Author: Metta Center

We feel each other’s pain–Daily Metta

“People would be likely to refrain from harming others if they knew that in doing so they were really harming themselves.” In this video Michael discusses the fact that modern science specifically neuroscience, specifically mirror neurons, confirm that fact that we feel one another’s pain. This is important because if people were more aware of this, they would be much less likely to hurt others, i.e. be violent. Add your comments below. About Daily Metta Stephanie Van Hook, the Metta Center’s executive director, launched Daily Metta in 2015 as a way to share Gandhi’s spiritual wisdom and experiments with nonviolence. Our 2016 Daily Metta continues with Gandhi on weekdays. On weekends, we share videos that complement Michael Nagler’s award-winning book, The Search for a Nonviolent Future: A Promise of Peace for Ourselves, Our Families, and Our World. To help readers engage with the book more deeply, the Metta Center offers a free PDF study guide. Enjoy more Daily Metta: See the  archives Get Daily Metta by email: Subscribe    

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‘Tis the Season of Nonviolence: Newsletter

Thinking Big With Nonviolence It’s interesting to notice that the Season for Nonviolence and Black History Month intersect in February. Interesting, but not surprising, because we do not have to dig down that deeply into “black history” to start uncovering and rediscovering the stories and realities that led many people to join together in a spirit of unity in diversity on the path of nonviolent struggle. In our latest newsletter, you’ll find a variety of tips and resources to help you stay aligned to your nonviolence path. May you be free, happy, and peaceful. Read the February 10, 2016 newsletter. Subscribe to our newsletter.

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What About Humiliation? – Podcast

After a wonderful episode of Nonviolence in the News, in which co-host Michael Nagler brings us resources and news from around the world about Gandhi, Campesinos, Nonviolent Peaceforce, and recent and upcoming protests and demonstrations, Co-host Stephanie Van Hook joins the conversation to tackle the subject of humiliation. What exactly is it? What happens when we humiliate and/or are humiliated? Is there a difference between humiliation and shame? And what about dignity? And what can we do? This and more… Listen in here! (Or go underneath the bio box below to find ways to download this show  or listen through our player on this page…)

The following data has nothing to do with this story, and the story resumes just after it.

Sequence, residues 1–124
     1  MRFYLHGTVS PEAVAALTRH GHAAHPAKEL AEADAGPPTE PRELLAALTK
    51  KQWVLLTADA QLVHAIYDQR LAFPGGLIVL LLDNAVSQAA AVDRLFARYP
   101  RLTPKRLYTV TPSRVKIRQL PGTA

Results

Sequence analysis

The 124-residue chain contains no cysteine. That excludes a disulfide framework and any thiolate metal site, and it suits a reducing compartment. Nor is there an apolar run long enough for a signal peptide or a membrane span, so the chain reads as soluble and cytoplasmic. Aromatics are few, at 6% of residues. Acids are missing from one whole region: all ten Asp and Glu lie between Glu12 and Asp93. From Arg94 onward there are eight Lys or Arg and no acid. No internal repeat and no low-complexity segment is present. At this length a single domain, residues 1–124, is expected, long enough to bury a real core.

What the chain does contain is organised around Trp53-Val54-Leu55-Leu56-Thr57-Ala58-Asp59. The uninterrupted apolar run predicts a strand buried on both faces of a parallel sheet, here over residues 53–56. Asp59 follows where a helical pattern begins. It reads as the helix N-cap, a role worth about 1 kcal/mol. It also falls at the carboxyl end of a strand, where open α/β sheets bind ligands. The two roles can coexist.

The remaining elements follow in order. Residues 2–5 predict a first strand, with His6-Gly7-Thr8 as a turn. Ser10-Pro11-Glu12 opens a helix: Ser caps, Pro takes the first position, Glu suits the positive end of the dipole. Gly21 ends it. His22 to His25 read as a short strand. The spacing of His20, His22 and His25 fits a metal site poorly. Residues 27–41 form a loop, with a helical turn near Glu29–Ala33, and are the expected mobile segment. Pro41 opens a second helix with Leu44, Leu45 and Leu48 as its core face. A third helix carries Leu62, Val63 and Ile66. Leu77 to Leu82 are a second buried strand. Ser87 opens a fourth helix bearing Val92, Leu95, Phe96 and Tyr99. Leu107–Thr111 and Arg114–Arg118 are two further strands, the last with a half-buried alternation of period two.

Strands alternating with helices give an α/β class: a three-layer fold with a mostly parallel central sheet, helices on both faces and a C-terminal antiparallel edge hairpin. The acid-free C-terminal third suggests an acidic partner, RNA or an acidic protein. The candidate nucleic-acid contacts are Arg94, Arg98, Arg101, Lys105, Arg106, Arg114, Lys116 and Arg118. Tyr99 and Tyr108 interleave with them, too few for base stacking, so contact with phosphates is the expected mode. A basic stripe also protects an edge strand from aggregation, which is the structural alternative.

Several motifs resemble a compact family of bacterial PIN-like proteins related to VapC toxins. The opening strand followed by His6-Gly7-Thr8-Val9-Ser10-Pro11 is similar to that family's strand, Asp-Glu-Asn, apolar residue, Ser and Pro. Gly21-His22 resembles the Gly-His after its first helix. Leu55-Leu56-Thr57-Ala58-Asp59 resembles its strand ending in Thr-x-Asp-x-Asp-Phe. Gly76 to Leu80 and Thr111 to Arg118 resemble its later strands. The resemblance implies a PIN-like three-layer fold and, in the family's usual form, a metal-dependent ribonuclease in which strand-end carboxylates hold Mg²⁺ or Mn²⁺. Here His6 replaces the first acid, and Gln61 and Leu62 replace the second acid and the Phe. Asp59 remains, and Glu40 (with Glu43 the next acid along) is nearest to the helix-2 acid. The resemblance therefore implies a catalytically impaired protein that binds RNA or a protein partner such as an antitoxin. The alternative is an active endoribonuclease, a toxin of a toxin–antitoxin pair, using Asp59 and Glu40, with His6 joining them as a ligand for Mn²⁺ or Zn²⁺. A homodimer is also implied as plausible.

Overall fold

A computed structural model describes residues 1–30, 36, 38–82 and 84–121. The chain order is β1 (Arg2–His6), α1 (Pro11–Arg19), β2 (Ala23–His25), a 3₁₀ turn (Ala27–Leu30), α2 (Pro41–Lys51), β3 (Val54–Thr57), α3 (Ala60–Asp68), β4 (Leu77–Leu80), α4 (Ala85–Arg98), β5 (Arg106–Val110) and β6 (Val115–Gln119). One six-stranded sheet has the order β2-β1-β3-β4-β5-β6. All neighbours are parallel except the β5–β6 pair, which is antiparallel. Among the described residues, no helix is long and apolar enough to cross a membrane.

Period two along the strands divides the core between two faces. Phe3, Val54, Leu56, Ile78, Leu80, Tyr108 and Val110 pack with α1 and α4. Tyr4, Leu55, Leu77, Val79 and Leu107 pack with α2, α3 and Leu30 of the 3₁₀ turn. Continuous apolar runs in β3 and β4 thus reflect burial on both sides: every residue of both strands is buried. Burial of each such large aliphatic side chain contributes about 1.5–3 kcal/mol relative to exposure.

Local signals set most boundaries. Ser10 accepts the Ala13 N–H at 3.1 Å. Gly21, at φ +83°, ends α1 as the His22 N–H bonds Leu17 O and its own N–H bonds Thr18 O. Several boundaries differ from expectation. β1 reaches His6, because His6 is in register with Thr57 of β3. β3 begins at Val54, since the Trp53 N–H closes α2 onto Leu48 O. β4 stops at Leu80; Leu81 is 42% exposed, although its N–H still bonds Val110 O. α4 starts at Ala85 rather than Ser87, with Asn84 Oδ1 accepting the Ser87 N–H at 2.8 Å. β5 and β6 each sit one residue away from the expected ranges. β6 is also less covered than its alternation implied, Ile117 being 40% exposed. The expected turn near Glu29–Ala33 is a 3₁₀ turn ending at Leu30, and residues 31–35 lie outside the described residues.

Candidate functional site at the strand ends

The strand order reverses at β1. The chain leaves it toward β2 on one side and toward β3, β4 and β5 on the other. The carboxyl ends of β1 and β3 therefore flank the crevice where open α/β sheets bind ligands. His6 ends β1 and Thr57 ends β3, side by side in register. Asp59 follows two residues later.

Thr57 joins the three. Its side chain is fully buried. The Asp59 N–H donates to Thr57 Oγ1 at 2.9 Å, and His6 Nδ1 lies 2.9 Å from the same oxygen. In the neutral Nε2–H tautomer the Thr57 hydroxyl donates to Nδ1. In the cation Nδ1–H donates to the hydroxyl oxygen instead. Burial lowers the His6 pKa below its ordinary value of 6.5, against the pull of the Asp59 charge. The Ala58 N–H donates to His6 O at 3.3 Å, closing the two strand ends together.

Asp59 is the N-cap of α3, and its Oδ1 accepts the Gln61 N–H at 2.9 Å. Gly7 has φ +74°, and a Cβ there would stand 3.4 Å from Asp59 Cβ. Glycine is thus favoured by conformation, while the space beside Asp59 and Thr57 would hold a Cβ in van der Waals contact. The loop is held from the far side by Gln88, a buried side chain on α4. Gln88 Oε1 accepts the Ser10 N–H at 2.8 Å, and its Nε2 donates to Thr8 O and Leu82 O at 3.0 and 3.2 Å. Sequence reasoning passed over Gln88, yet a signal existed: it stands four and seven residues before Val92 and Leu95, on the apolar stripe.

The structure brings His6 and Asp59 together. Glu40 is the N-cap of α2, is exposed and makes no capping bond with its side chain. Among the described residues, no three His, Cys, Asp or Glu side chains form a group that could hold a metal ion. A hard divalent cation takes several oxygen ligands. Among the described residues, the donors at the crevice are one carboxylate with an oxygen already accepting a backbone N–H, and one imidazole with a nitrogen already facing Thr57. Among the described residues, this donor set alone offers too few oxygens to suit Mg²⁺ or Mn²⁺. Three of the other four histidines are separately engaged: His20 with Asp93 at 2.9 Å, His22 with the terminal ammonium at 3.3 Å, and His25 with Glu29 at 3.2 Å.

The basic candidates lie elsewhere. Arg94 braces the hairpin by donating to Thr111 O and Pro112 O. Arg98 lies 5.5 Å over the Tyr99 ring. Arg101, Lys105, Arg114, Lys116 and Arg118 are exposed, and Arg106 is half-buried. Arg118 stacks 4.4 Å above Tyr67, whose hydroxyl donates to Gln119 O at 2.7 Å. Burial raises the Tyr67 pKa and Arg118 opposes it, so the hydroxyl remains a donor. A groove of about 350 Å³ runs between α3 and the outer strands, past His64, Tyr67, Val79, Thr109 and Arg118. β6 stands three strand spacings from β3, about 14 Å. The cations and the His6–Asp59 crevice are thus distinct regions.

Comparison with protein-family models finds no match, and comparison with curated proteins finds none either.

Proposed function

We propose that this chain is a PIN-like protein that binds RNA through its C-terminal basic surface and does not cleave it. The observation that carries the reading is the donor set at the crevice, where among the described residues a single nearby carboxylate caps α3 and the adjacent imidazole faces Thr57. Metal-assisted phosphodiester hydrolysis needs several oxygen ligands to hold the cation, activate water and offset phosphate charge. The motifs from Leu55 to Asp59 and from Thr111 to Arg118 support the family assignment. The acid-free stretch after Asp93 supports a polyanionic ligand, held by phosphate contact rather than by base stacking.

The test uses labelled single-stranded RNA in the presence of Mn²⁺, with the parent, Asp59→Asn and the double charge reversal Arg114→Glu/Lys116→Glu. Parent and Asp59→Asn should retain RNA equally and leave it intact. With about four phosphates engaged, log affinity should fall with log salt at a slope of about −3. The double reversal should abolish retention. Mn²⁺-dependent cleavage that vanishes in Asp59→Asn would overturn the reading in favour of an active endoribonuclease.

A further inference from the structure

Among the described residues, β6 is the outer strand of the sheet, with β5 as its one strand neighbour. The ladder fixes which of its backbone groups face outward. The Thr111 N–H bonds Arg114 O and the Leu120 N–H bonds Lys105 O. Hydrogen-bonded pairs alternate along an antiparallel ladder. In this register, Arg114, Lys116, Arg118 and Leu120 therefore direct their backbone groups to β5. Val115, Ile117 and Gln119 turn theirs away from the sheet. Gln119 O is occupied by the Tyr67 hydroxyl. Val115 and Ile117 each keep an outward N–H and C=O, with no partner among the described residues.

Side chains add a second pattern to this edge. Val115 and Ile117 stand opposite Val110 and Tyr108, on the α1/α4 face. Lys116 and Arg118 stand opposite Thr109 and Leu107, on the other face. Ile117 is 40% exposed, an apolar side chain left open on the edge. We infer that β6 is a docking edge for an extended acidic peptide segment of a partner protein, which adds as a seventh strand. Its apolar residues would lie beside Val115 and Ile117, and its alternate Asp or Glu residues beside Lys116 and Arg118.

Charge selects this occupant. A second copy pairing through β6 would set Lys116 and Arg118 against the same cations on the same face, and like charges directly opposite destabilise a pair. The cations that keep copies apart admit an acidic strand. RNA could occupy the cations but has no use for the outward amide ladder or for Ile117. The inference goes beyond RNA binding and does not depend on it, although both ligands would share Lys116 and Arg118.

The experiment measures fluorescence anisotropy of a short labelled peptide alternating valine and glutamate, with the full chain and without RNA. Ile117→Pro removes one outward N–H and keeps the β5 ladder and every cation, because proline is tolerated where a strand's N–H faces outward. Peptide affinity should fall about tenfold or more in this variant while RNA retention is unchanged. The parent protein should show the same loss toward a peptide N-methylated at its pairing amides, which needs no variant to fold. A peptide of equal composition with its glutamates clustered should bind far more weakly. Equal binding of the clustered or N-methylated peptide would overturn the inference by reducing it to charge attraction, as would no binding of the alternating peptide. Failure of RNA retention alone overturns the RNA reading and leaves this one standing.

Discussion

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A life-affirming orientation–Daily Metta

“It’s through discovering our capacity for nonviolence–our ability to offer it and our ability to respond to it– that we discover something absolutely fundamental about human nature.” In today’s Daily Metta video, Michael suggests that the nature of our task is to discover our capacity for nonviolence, which lies at the basis of our nature. Our challenge, however, is to overcome an unconscious death orientation in our society.     Thank you for contributing to the comments below. About Daily Metta Stephanie Van Hook, the Metta Center’s executive director, launched Daily Metta in 2015 as a way to share Gandhi’s spiritual wisdom and experiments with nonviolence. Our 2016 Daily Metta continues with Gandhi on weekdays. On weekends, we share videos that complement Michael Nagler’s award-winning book, The Search for a Nonviolent Future: A Promise of Peace for Ourselves, Our Families, and Our World. To help readers engage with the book more deeply, the Metta Center offers a free PDF study guide. Enjoy more Daily Metta: See the  archives Get Daily Metta by email: Subscribe    

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Nonviolence in Schools – Podcast

This week on Peace Paradigm Radio, we speak with Robin Wildman about her experiences bringing Kingian Nonviolence in school, both in the classroom and through teacher trainings. You won’t want to miss her story of how her journey into being a nonviolence educator, which began back in 2001, when Freedom Rider Bernard Lafayette visited her 5th grade classroom. The Michael Nagler joins us for Nonviolence in the news, starting with an announcement of Peace Alliance’s forthcoming Teaching Peace in Schools Virtual Summit. He also talks about some new books and films, and discusses recent articles around the movement. Listen in here! (Or go underneath the bio box below to find ways to download this show  or listen through our player on this page…)

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Strength to defy and forgive–Daily Metta